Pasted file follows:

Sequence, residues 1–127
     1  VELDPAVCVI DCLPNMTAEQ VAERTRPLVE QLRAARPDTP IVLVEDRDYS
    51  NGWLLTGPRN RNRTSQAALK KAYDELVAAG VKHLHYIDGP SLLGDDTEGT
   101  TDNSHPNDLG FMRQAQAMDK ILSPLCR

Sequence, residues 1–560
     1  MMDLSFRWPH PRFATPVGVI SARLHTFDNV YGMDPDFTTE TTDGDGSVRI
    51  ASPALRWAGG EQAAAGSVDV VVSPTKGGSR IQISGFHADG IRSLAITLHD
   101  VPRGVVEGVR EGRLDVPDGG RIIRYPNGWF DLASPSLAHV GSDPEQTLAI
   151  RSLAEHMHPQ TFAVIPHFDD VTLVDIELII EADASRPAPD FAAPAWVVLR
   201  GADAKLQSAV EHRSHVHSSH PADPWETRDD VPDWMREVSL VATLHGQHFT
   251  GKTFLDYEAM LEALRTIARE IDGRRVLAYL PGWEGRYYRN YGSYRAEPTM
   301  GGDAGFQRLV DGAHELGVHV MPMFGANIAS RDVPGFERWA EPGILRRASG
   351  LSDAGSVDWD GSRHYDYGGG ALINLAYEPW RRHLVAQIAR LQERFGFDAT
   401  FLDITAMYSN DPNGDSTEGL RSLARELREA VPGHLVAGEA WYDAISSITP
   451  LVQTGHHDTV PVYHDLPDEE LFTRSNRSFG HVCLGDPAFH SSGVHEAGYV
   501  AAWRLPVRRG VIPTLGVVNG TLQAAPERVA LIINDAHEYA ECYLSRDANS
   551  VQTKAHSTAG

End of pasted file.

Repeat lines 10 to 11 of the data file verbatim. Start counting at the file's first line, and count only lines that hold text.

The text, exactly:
   201  GADAKLQSAV EHRSHVHSSH PADPWETRDD VPDWMREVSL VATLHGQHFT
   251  GKTFLDYEAM LEALRTIARE IDGRRVLAYL PGWEGRYYRN YGSYRAEPTM